There is one skill you will never hear talked about that is vital to successfully completing virtually any roofing project. It is not mentioned because it is not something anyone ever thinks about. It is a skill that can be learned by most, but some seem to come by it naturally. It is the ability to think like water.

It is certainly important to read the application instructions that will come with any roofing product and follow them closely. But application instructions will rarely be able to cover every situation that arises. Nor can instructions be in the field to explain all the variations of a given application difficulty, or to look at the finished product to verify that it is correct.

It seems obvious to us that we will understand how water flows, we see it every day. We watch how overflow runs down a street, how a river runs, how drops fall. It is not hard to predict how water will act in those situations because they are familiar to us. However, when dealing with a new situation like how water will flow down a valley or around a chimney, the truth might not seem so obvious.

It may be that the details of how to deal with a particular situation get lost in all the other details of roofing. How to apply the product, how to fasten it, or which goes under and which goes over.

The importance of understanding water flow is the same whenever roofing is applied, but here are some examples specific to the application of asphalt shingles.

There is an obvious concept that gets missed surprisingly often. Vertical splices between the shingles must never line up. When they do, water running off the surface of the top shingle will flow right through the splice in the shingles below it and to the substrate. This includes being aware of the splice in the starter course. That splice is especially easy to forget because it is completely covered by the first course of shingles.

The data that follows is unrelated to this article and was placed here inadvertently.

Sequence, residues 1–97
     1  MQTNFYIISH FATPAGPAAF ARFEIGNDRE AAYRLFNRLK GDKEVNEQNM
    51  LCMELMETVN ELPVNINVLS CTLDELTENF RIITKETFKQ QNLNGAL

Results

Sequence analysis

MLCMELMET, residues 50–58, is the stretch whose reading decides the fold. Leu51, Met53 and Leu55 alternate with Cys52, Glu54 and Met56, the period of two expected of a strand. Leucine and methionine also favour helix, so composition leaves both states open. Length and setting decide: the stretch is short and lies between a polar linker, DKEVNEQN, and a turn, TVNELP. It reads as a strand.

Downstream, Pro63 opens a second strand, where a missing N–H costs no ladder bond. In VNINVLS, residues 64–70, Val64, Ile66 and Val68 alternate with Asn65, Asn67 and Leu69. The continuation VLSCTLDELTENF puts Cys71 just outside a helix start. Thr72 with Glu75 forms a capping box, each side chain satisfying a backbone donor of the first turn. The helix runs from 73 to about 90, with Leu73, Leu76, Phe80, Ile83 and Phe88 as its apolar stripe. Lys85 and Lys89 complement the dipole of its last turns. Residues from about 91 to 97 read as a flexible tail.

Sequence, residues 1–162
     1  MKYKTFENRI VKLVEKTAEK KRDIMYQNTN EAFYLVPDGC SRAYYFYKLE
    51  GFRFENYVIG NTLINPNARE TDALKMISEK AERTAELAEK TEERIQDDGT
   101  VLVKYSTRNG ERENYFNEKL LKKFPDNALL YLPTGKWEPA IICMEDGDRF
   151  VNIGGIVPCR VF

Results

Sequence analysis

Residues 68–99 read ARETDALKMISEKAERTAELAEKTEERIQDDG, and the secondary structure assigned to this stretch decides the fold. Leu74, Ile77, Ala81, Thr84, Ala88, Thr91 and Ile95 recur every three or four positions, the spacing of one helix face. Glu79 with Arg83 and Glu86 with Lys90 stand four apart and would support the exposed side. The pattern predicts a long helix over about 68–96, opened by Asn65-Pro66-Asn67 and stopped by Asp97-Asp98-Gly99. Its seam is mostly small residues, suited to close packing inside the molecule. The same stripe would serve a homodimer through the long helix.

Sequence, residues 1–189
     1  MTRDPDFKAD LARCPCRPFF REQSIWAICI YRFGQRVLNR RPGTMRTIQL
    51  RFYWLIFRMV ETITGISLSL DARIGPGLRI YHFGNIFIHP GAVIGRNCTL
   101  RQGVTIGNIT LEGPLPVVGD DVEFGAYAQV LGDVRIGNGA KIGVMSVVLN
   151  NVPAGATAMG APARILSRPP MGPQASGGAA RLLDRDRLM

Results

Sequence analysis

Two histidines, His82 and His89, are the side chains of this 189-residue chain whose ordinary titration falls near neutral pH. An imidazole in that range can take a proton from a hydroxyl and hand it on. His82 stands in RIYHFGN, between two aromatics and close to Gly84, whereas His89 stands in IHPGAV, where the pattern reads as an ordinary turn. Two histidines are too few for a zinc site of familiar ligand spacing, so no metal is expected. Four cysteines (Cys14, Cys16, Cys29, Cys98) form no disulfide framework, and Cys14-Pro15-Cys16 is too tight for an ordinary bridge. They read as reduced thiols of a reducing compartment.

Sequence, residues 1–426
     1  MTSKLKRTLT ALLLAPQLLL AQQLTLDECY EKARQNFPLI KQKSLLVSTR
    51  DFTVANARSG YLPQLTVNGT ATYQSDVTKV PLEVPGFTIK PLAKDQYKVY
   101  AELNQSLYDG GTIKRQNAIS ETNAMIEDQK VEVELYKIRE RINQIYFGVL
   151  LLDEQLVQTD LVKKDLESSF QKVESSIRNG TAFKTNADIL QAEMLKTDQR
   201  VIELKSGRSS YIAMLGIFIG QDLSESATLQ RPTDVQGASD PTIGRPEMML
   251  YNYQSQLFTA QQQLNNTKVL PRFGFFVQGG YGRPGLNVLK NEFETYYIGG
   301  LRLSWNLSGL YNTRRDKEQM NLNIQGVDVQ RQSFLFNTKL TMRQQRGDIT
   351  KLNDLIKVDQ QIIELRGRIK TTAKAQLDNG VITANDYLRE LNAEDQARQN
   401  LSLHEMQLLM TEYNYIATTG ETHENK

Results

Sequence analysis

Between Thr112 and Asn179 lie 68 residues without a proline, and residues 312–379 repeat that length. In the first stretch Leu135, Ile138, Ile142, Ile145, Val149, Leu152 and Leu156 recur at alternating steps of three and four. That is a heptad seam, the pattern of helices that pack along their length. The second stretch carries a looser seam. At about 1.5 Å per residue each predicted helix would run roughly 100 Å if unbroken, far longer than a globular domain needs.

When the rows of shingles meet a vertical wall, metal shingles need to be applied. These are light weight squares of metal that are bent to go up the sidewall and on to the roof. Each metal shingle needs to overlap the metal shingle below it. In addition, the water that flows onto each metal shingle from the asphalt shingle above needs to flow out onto the asphalt shingle below it. If this simple rule is not followed (and it's surprisingly tricky), the water will again flow under the shingles an onto the roof deck.

When dealing holes in the roof, such as those covered by roof vents and plumbing stacks, take extra care to pay attention to water flow. Be sure that the water will flow off the shingles above onto the cap and then flow off the cap onto the shingles below. Keeping this simple sequence in mind will result in a leak proof installation. It might seem odd, but sometimes inexperienced roofers will fasten the cover to the roof and then shingle right over the flanges all around. A moment's thought will show why this is guaranteed to send a flood of water under the shingles rather than onto them. This error can cause a leak large enough to destroy a ceiling in no time.

One other example. If installing an exposed metal valley, be aware that the water will flow down one plane of the roof and hit the valley at speed. It will actually wash up onto the other plane under the shingles for a short distance. When nailing the metal valley in place, and when nailing the shingles that lap the valley, keep the nails as far from the center of the valley as possible.

As you can imagine, specific examples are never-ending, but the principle remains the same. Keep in mind how the water will flow from shingle to shingle, how it will work its way around obstacles in its path. Note that the farther up the roof you go, the less water there will be. And the wider the obstruction, the more water that will have to be dealt with. Pay special attention to situations where water flows around corners - water can work its way into small spaces when flashing does not cover corners effectively.

So, to recap. Whenever meeting a situation that isn't covered by instructions or training, think like water, and the solution will come.

Once you master this, you can think about water flowing up the roof.